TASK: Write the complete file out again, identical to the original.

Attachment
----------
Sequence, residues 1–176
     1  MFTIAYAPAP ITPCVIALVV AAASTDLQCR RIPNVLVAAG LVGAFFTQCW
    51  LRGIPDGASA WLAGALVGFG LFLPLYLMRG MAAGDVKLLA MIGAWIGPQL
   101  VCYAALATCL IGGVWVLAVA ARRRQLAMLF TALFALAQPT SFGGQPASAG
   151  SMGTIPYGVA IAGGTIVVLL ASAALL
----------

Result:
Sequence, residues 1–176
     1  MFTIAYAPAP ITPCVIALVV AAASTDLQCR RIPNVLVAAG LVGAFFTQCW
    51  LRGIPDGASA WLAGALVGFG LFLPLYLMRG MAAGDVKLLA MIGAWIGPQL
   101  VCYAALATCL IGGVWVLAVA ARRRQLAMLF TALFALAQPT SFGGQPASAG
   151  SMGTIPYGVA IAGGTIVVLL ASAALL